May. 4th, 2006 09:57 pm (UTC)
Finally, I do find that Americans tend to think that foreigners are close to being up to speed with US politics and politicians.

Yes, I do realize that. That is why I chose two very prominent names. Having lived approximately half my life outside the United States where I have always found that people who are at all into politics and world affairs always seem to know about the two main candidates that face off in U.S. presidential elections, I did not think it a leap that someone who was asking me about politics would know those two prominent figures. I certainly was not trying to be "the ugly American." I thought it a good-natured way of saying I'm not from around here.
May. 4th, 2006 08:47 pm (UTC)
Do you even know if any of the candidates on the ballot had names that sounded like Gore or Kerry? Mentioning a candidate from six years ago doesn't really make sense in the context of just leaving a ballot.

And anyways, it was mean of you to just shoot her down like that. You could have let her down a little easier. ;)

May. 4th, 2006 09:48 pm (UTC)
How was what I said mean? By answering that I voted for Al Gore and John Kerry, I simply was identifying myself as American. When she didn't get that, I simply said I wasn't British. How is any of that mean?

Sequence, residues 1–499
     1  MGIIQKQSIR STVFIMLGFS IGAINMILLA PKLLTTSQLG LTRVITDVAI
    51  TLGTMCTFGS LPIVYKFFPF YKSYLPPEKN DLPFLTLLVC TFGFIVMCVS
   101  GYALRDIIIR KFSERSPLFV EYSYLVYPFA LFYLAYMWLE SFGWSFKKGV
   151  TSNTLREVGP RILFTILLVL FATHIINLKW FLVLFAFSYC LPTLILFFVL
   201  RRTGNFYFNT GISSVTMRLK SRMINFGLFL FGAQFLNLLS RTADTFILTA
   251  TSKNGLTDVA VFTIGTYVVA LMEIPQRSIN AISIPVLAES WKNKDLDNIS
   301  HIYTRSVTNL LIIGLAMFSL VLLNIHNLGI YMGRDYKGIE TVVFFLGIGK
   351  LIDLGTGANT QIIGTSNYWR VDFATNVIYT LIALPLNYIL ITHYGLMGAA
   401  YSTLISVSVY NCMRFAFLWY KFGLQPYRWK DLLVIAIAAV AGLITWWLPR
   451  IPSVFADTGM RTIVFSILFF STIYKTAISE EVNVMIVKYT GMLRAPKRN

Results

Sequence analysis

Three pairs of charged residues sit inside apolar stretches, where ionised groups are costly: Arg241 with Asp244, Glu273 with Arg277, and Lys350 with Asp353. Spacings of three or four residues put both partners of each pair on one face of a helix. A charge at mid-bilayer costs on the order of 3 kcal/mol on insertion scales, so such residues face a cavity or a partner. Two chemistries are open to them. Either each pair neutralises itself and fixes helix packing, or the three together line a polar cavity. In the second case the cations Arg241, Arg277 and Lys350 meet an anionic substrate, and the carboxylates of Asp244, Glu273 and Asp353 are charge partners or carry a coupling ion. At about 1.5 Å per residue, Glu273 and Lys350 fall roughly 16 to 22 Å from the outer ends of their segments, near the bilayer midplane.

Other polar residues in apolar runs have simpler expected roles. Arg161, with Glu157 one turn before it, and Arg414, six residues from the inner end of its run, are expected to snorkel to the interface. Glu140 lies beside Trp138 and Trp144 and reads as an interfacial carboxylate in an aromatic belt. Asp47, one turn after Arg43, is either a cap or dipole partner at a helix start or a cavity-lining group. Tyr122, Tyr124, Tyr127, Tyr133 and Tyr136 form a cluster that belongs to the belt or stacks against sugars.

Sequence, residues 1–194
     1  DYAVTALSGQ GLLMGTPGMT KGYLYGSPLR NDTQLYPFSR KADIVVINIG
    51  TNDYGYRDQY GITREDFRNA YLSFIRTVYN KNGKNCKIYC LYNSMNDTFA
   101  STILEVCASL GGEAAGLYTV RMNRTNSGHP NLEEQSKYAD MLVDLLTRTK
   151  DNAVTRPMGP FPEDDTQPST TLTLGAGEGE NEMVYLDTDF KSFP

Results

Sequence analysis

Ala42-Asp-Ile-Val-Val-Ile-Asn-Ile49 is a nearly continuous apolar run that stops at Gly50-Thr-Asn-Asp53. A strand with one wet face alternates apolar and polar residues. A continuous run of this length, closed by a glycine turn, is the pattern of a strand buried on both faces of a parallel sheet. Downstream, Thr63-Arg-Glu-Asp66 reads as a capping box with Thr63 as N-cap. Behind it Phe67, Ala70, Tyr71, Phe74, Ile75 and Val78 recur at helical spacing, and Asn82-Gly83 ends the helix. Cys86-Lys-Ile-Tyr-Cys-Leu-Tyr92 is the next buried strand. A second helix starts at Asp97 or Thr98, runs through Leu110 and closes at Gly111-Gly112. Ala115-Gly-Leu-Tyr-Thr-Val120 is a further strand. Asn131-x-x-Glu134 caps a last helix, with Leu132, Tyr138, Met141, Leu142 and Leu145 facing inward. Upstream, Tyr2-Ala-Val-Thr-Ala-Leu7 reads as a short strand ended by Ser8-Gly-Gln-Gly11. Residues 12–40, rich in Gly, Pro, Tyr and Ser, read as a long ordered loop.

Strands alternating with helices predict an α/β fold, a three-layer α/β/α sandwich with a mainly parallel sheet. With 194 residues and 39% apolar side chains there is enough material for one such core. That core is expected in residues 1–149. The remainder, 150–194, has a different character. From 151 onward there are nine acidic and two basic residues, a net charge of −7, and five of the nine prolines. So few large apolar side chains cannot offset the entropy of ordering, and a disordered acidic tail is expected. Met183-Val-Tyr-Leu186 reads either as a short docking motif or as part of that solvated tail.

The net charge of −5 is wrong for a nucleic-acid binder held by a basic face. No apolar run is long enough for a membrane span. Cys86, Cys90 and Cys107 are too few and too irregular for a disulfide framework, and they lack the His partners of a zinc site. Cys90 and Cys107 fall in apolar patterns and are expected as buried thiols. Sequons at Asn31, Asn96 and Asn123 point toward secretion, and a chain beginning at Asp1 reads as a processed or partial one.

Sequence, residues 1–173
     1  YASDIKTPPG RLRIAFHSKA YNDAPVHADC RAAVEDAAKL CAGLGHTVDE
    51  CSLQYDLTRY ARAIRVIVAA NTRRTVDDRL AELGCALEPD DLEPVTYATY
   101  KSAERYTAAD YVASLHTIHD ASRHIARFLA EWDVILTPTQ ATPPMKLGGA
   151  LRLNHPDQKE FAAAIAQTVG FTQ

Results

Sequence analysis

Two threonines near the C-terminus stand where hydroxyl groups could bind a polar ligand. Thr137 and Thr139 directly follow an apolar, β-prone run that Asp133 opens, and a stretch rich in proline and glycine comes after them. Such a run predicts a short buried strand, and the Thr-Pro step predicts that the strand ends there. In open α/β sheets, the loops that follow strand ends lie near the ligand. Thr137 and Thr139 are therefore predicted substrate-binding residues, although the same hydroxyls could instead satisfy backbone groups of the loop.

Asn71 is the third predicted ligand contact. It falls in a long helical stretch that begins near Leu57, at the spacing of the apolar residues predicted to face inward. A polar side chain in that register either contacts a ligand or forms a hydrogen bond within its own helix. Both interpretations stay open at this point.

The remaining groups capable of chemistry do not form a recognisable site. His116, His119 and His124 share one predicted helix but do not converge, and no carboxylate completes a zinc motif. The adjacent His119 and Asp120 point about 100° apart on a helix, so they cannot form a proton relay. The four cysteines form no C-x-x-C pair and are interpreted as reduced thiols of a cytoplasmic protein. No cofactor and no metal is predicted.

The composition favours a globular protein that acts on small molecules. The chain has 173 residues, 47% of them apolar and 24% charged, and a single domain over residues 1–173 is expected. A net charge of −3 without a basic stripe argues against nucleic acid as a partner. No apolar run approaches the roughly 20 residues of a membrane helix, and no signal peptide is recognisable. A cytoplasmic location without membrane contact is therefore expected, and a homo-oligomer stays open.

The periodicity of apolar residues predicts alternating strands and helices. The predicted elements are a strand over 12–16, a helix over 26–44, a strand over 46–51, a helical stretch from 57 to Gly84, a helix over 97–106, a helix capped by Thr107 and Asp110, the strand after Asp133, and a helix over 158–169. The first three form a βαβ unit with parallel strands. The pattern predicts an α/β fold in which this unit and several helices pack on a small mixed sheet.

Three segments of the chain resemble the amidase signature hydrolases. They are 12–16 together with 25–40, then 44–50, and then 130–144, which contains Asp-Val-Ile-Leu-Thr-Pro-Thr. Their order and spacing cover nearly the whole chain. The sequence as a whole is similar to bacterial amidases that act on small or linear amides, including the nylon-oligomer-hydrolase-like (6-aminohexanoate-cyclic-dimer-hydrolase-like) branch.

May. 5th, 2006 04:26 am (UTC)
Because she was flirting with you and you just walked away! Why else would she just ask who you voted for?

(No, I don't actually think you were being mean. But she did totally get shot down.)

May. 5th, 2006 09:30 am (UTC)
She was a high school aged girl. I detected no hint of flirtatiousness at all. In fact, it seem to me she was having some sort of disagreement with her two equally young friends and simply grabbed the first person who walked by in a busy street. If she was indeed flirting with me, then I and the entire adult world should hope I shot her down!
May. 5th, 2006 12:52 am (UTC)
It doesn't sound like rudeness to me. I do find myself assuming that foreigners pay more attention to American politics than we do to theirs, not out of arrogance, but the opposite, I guess. I do often meet foreigners who have a good idea what's going on here when there's a good chance I don't even know their presidents.

It's kind of embarrassing really. We are the most powerful country at the moment, and it makes sense that other countries would be paying attention to our politics, but that doesn't even vaguely excuse the fact that we don't pay attention to theirs.

Anyway, once I thought about it, it doesn't seem surprising that she wouldn't know the names of the past two American presidential losers -- but I probably would have started off with the same assumption. And I don't see how anything you actually said to her was rude.
( 9 comments — Leave a comment )